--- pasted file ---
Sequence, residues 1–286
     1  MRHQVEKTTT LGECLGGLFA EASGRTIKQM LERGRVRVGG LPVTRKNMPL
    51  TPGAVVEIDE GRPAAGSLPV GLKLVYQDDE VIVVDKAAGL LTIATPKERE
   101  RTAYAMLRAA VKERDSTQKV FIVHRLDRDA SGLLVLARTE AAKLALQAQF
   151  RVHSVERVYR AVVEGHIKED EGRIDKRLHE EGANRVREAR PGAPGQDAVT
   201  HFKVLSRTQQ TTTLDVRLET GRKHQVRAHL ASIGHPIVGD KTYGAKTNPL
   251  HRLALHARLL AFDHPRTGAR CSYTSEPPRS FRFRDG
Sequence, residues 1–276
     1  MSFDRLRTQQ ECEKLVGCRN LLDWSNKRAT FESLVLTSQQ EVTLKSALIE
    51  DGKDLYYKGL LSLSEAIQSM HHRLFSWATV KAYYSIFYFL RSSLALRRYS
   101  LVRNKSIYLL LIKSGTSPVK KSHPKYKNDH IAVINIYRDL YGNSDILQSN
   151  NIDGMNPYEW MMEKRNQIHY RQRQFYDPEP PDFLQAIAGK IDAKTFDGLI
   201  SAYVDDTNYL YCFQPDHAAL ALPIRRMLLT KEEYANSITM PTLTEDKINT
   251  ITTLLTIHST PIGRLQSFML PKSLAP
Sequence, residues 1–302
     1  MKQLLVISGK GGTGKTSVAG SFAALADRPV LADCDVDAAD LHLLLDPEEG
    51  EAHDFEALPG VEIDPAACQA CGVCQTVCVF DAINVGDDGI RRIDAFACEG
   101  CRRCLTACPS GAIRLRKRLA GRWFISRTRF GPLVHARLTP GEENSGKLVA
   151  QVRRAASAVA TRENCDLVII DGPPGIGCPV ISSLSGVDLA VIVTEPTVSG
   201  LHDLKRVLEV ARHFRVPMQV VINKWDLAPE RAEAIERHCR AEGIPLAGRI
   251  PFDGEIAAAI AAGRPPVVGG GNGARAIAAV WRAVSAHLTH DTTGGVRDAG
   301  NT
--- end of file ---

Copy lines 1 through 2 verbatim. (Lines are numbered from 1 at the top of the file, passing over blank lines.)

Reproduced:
Sequence, residues 1–286
     1  MRHQVEKTTT LGECLGGLFA EASGRTIKQM LERGRVRVGG LPVTRKNMPL